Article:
Householders were left stunned this week when British Gas announced a HUGE price hike.
Standard electricity prices will go up by a whopping 12.5 per cent from September 15.
It’s believed that bills for a typical dual fuel customer will go up by 7 per cent as a result.
Martin Lewis from moneysavingexpert says that average households on British Gas standard tariff will pay £1,151 a year (about £96 a month) after that rise comes into effect.
But the cheapest tariffs on offer for the same usage are around £834 a year (just under £70 a month).
British Gas is the last of the Big Six energy firms to put up prices this year.
Here’s what each has done:
British Gas. It’s announced a 12.5% hike to standard electricity prices from Friday, September 15. If you’ve dual fuel, that’s a 7.3% increase on average.
E.on. It hiked electricity prices by 13.8% and gas by 3.8% on April 26– an 8.8% increase to standard dual-fuel prices on average.
EDF. On June 21, standard dual-fuel prices rose by an average 7.2%, with gas up by 5.5% and electricity by 9%. This follows a 1.2% hike back in March.
Npower. Its price rise hit on March 16, with standard gas prices up by 4.8% and electricity by a massive 15% – a 9.8% hike on average.
Scottish Power. Standard tariff customers saw prices rise on March 31. Its dual-fuel tariff went up by 7.8% on average, with gas rising by 4.7% and electricity by 10.8%.
SSE. On April 28, its standard dual-fuel tariff increased by an average 6.9%. Electricity rose by 14.9%, while gas prices were unchanged.
Mr Lewis said: “If you’re on a standard tariff with any of these companies, whether they’ve frozen prices or not, it’s likely you’re still massively overpaying.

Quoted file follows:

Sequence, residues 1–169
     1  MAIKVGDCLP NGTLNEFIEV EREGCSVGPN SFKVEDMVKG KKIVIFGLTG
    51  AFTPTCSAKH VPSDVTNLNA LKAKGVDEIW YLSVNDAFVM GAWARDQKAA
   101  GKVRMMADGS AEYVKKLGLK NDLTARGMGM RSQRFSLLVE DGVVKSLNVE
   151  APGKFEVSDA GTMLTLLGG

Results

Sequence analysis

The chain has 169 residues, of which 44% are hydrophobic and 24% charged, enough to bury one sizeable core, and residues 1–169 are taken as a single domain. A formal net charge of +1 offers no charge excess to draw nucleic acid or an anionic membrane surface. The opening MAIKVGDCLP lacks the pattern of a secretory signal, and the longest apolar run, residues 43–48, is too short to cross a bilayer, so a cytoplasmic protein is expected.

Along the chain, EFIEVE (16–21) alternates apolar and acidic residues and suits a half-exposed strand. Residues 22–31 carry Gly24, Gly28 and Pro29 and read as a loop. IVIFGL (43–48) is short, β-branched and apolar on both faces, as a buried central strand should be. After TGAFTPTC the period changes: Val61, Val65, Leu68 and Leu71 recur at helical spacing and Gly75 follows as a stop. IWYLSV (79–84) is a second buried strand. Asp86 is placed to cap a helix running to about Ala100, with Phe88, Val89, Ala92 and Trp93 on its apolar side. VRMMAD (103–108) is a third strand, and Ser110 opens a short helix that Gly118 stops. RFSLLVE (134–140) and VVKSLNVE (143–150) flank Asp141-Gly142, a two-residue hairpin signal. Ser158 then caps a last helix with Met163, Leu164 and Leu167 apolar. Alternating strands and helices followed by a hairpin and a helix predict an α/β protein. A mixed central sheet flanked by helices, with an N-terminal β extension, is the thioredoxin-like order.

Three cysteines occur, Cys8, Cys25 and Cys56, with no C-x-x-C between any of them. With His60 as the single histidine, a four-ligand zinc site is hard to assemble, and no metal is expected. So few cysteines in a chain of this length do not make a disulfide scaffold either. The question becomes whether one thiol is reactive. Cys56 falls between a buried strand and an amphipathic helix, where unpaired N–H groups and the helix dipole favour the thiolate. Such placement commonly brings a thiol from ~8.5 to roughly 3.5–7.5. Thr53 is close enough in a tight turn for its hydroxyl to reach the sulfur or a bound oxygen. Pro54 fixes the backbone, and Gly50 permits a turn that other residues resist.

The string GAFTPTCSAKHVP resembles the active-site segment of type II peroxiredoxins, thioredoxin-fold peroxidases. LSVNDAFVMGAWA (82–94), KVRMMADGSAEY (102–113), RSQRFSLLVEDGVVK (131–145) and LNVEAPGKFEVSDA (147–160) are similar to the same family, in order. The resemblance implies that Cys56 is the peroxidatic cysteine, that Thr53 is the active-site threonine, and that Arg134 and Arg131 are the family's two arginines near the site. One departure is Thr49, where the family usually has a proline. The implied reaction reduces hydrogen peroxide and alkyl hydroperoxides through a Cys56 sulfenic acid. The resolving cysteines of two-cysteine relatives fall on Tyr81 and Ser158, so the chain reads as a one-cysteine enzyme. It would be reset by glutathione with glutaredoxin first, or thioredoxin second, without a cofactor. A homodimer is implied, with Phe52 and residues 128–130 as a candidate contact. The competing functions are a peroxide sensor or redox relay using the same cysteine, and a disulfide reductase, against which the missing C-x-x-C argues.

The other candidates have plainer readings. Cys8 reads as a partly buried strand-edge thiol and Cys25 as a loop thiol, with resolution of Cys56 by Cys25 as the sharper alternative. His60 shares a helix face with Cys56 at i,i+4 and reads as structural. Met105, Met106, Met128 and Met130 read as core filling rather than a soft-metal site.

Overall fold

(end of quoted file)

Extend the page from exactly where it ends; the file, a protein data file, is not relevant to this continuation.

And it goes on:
“You’ll need to act quickly to lock in cheaper prices – we’ve seen the price of the cheapest deals jump over the last year. The cheapest fixes now cost around £110 a year more compared with May 2016, based on typical use.”
Changing to a cheaper supplier to save money on your household expenses only takes five minutes, he added, explaining: “Switching is usually no big deal – there’s no break in service, no engineers. It’s the same gas, electricity and safety. Only price and customer service change.”
And, what’s more, there are predictions that more price rises will come in winter. So now is definitely the time to do it.
A study by the government’s Competition and Markets Authority (CMA) found about 70 per cent of customers are still on default standard tariffs, paying an estimated total of £1.4 billion more a year than if they had switched to better price plans. A third of people had never even considered switching.
The CMA said: “Lack of awareness of what deals are available, confusing and inaccurate bills and the real and perceived difficulties of changing suppliers all deter switching.”
Its investigation concluded: “Many customers do not shop around to see if there’s a better deal out there – let alone switch. The confusing way energy is measured and billed can make comparing deals understandably daunting.
“The result is that some energy suppliers know they don’t have to work hard to keep these customers. It’s notable that there are such high levels of complaints about customer service.”
In 2016, the CMA announced proposals to force suppliers to give Ofgem details of everyone that has been on standard tariffs for more than three years.
This is being used to compile a database to allow rival suppliers to contact customers to offer cheaper deals.
These measures were expected come into effect this year.